However, the United National Congress (UNC) has made no change in its usual election night arrangements.
Wade Mark told the Express that party members and supporters are invited to assemble at Couva South Complex (The party had moved out of Rienzi Complex some time ago).
Asked if there would be a mass gathering at the complex, Mark said: “That is what I have been advised.”
Asked whether there would be any changes to the arrangements because of the pandemic, he said: “Well, I imagine what would happen is that for the actual evening we have to exercise some protocol. Even though there would be a gathering they would not be able to assemble in groups of more than ten in accordance with the regulations. So you could be in the complex but it will be in batches of ten and maintain some social distance...because you have to obey the law.”
Princes Town challenge
A significant development in this campaign was also the challenge to the eligibility of UNC Princes Town candidate Barry Padarath, whose nomination has been called into question by the PNM, which has announced that it would file an election petition in the event of him topping the polls.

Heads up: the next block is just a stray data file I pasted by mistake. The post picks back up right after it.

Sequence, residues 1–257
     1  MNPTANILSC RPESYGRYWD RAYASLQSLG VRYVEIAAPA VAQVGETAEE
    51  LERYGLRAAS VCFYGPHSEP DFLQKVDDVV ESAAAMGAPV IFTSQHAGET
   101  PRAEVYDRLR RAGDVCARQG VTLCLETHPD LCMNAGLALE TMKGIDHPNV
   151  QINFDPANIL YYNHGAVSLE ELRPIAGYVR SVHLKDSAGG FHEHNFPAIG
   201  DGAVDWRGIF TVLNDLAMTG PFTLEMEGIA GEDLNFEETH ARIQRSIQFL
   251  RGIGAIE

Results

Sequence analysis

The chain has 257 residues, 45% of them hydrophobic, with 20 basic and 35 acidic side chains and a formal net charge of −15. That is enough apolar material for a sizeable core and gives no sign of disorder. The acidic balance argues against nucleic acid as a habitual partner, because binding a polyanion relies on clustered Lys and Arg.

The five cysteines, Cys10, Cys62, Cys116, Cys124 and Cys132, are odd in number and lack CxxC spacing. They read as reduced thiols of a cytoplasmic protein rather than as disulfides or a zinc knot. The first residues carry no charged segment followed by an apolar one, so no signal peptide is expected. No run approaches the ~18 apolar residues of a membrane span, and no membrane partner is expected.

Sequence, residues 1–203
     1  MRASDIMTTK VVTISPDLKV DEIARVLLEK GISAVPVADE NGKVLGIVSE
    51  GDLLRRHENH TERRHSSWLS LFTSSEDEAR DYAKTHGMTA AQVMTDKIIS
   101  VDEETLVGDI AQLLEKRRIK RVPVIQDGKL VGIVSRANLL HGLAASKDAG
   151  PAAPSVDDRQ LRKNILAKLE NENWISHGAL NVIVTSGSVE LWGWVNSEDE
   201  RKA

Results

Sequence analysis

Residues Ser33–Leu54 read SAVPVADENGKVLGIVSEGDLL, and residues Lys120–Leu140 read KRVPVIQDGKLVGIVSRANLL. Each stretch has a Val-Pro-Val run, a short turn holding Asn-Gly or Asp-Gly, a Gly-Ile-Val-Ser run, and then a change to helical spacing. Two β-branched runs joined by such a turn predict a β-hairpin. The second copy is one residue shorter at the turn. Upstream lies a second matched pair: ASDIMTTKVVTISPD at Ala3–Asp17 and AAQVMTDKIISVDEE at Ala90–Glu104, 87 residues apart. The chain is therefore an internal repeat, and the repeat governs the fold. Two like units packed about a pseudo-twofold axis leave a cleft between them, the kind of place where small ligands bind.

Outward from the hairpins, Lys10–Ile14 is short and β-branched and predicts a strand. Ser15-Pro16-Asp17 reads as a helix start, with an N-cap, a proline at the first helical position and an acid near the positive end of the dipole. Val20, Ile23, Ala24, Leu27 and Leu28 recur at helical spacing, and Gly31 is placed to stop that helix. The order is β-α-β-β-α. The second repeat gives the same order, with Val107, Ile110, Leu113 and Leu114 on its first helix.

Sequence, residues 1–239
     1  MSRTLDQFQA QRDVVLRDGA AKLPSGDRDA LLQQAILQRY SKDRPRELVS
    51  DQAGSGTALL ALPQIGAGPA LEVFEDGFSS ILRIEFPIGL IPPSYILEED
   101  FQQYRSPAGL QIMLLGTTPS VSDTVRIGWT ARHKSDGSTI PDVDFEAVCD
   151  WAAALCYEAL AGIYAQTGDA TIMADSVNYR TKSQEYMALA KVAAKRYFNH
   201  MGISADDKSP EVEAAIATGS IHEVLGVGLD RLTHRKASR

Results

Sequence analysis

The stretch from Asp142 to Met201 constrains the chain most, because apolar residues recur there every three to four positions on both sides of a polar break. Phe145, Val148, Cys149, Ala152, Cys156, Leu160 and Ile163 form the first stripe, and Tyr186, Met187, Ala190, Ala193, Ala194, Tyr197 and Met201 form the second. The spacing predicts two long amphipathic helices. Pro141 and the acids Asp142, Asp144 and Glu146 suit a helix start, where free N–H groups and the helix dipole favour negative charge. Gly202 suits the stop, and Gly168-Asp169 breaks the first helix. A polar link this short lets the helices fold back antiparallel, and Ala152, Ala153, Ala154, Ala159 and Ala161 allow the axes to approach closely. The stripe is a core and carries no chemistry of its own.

Padarath and the UNC have dismissed the PNM’s contention.
Padarath was out of the country during the lockdown and returned days before Nomination Day, during which time he was in quarantine. At issue is whether his being in quarantine barred him from signing his consent form, which is required to be submitted on Nomination Day.
A feature of this election, as with all other recent elections, is the importance of the marginal constituencies in determining the outcome. All eyes will therefore be on Barataria/San Juan, Tunapuna, St Joseph, Moruga/Tableland, San Fernando West, Toco/Sangre Grande and, though not necessarily marginal, the keenly-contested La Horquetta/Talparo and Tobago East seats.
Another effect of the Covid pandemic is that neither the Commonwealth nor Caricom has been able to assemble observer teams to witness the election. So it is entirely up to the EBC, which has a solid record for the impartial conduct of elections.